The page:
Novelist Anna Jean Mayhew writes about a community in turmoil


Novelist Anna Jean (A.J.) Mayhew, originally from Charlotte, North Carolina, now lives in Hillsborough, North Carolina, with her Swiss-born husband. Her writing reflects her vivid memories of growing up in the segregated South. Mayhew’s first novel, The Dry Grass of August, won the Sir Walter Raleigh Award for Fiction. The novel was also a finalist for the 2012 Book Award from the Southern Independent Booksellers Alliance.

Hot off the press this month is Mayhew’s much-anticipated second novel, Tomorrow’s Bread. Inspired by real events, the narrative takes place in 1961 when Brooklyn, an African- American neighborhood in Charlotte, N.C., is targeted by city leaders for bulldozing and gentrification. It’s a poignant story of how its residents deal with the dramatic change that disrupts their lives.

You wrote your first novel, The Dry Grass of August, relatively late in your professional life. What inspired you to finally put pen to paper?
In the winter of 1985, I had a short story published in a science fiction anthology, Writers of the Future. When my father died that spring, it hit me that if he was mortal, so was I. Within two months I had quit my job, sold my condo in Charlotte and moved to a winterized tobacco barn south of Chapel Hill. For a year and a half, I worked on short stories, survived pneumonia in the desperately cold barn and began to take myself seriously as a writer. I moved to town and went to work as production editor on a medical journal at the School of Medicine at UNC. In 1987, I joined the writing group I’m still in 32 years later. I began what I thought was a short story; 18 years later that story was the novel The Dry Grass of August.

What were you doing before you started writing in earnest?
I ran a court reporting agency for seven years and worked in opera management for five years, both in Charlotte. I took writing classes at Central Piedmont Community College and joined a group of writers, most of whom wrote science fiction. I edited stories for Space Grits, a fanzine we published, which featured Southern sci-fi writers. After moving to Chapel Hill, I found that what I most wanted to write about was Charlotte. I’d had to leave the city to do that.

What inspired your interest in civil rights?
I lived my formative years in de jure segregation, reared by racist parents, but to quote from Killers of the Dream by Lillian Smith, “That is a hard thing for a child to learn. I still admired my parents. … Yet in my heart they were under suspicion.” After I left home, several eye-opening experiences gave me an understanding of the evils of oppression, of Jim Crow laws, of the white dominance that endured long after segregation was outlawed. From that slow awakening and into my mid-life, when I began to write, my characters always suffered discrimination of one sort or another.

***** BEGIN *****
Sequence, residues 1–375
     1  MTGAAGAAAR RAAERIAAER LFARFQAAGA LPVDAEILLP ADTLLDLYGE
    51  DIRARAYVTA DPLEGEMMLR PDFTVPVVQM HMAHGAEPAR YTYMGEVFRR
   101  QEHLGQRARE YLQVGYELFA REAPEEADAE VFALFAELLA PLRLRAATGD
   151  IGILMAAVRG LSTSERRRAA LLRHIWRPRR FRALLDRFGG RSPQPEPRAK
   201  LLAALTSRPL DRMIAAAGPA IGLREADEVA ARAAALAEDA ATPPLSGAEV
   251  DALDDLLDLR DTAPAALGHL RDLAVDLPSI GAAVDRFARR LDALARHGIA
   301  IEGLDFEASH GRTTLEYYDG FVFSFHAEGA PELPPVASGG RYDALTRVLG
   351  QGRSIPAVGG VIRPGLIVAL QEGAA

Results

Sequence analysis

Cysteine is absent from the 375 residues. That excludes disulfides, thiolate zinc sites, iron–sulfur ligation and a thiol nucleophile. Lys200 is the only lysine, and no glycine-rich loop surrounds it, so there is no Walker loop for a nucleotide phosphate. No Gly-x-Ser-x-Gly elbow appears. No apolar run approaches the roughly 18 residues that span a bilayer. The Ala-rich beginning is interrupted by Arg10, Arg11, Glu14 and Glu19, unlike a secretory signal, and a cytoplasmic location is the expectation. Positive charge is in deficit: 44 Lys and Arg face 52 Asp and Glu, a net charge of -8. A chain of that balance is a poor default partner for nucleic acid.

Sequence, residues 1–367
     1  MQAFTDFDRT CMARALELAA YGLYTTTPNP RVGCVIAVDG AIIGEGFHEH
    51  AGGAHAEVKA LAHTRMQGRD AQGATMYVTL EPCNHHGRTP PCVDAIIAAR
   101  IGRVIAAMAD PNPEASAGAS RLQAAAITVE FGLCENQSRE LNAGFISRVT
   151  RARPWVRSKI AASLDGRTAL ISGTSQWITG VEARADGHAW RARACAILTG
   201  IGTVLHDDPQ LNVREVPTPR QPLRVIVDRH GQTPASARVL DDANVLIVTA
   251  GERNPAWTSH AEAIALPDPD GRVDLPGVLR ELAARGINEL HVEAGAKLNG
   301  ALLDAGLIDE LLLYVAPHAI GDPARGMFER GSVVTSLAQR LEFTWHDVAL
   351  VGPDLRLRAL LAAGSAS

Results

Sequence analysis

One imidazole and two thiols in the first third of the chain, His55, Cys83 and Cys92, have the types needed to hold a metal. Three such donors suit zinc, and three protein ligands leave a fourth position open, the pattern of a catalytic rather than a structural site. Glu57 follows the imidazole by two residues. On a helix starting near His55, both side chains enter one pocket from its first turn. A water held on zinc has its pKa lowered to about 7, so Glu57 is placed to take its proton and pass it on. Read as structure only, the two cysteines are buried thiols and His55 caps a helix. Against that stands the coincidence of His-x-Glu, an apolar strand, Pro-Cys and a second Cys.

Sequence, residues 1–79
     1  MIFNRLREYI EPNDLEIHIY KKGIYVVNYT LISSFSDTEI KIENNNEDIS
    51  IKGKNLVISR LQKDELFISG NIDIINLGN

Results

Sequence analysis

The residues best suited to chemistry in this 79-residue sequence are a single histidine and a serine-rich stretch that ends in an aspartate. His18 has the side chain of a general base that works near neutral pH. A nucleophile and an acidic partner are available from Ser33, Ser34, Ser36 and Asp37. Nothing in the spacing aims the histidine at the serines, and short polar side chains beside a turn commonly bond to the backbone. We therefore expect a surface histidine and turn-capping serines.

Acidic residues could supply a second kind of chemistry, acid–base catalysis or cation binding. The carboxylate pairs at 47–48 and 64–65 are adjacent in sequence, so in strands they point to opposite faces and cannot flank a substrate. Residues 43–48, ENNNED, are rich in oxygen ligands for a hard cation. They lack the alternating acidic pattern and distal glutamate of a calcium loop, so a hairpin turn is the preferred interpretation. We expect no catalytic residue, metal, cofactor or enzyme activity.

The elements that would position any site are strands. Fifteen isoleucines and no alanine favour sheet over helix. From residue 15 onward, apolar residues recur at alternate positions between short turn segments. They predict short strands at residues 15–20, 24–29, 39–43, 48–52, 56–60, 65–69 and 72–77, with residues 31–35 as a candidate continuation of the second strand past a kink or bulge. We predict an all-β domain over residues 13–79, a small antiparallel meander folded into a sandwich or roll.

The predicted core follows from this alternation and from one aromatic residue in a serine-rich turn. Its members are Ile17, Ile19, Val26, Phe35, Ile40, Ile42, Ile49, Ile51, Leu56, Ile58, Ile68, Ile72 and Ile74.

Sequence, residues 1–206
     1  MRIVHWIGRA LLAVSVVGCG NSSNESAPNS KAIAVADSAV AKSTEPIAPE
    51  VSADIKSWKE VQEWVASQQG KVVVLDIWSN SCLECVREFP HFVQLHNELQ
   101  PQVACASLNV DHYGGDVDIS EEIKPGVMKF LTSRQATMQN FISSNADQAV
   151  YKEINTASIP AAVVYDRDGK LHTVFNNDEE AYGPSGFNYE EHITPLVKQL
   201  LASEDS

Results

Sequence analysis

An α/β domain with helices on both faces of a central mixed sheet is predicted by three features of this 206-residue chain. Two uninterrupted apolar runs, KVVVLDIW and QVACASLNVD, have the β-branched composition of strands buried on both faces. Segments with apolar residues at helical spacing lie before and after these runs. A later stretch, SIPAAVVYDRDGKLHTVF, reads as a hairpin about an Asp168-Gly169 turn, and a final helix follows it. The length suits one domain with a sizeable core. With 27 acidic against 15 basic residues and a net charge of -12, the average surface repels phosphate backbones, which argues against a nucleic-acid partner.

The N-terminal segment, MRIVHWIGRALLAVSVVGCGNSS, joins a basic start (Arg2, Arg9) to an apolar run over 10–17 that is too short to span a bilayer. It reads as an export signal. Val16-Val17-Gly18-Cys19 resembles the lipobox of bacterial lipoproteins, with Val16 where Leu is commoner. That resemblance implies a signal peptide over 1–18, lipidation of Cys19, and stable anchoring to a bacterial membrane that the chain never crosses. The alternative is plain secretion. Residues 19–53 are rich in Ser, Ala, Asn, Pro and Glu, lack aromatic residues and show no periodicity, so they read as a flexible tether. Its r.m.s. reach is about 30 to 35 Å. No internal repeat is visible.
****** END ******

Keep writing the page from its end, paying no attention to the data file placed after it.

Your novels are full of dialogue. How did you develop such a sensitive ear?
I credit my days as a court reporter for my ear for dialogue. I took testimony, transcribed it and proofread the transcripts; thus, the voices of the witnesses went though my brain three times. I learned that people don’t speak in complete sentences. That they talk in fragments. That they use their hands, their heads, their bodies to make a point.

What inspired your second novel, Tomorrow’s Bread?
I visited Charlotte in 2008 for my 50th high school reunion and while there drove down East Trade Street and was surprised to see vacant land in what used to be the black, middle-class neighborhood of Brooklyn. Why hadn’t the city developed the land, after appropriating it in urban renewal? What happened to the folks who lived there? Several years later I began the extensive research that led to the writing of Tomorrow’s Bread.

Your book title is from the poem “Democracy” by Langston Hughes. Please explain.
I trust that Hughes was writing about something resembling urban renewal. The poem includes the lines: “I have as much right/As the other fellow has/To stand/On my two feet/ And own the land.” He goes on: “I tire so of hearing people say,/ Let things take their course./ Tomorrow is another day./I do not need my freedom when I’m dead./I cannot live on tomorrow’s bread.” I found the poem quite by accident and became a fan of Hughes.

What advice do you have for aspiring writers?
Write and read. Get into a group of writers who are better than you. Heed their critique and revise, revise, revise. Read the kinds of books you want to write. While a formal education is a plus, don’t let the lack of one stop you. (I’m a high school graduate with a few college courses.) Draw on your life’s experience. I just finished I Am One of You Forever by Fred Chappell, and I am reading A Hard Rain: America in the 1960s, Our Decade of Hope, Possibility, and Innocence Lost by Frye Gaillard.

How do you relax?
Needlework—I’m making a patchwork duvet cover, and while my hands are busy with that, I’m thinking about my characters. I sing in a women’s group; I swim several times a week at our local pool. Scrabble or backgammon, when I can find a worthy opponent. Reading and reading … I have novels on my bedside table and nonfiction on my kitchen table.

Can we look forward to another book in the future?
I honestly don’t know. I’ve half-started another novel set in Charlotte. (In my heart, I can’t seem to leave my hometown.)

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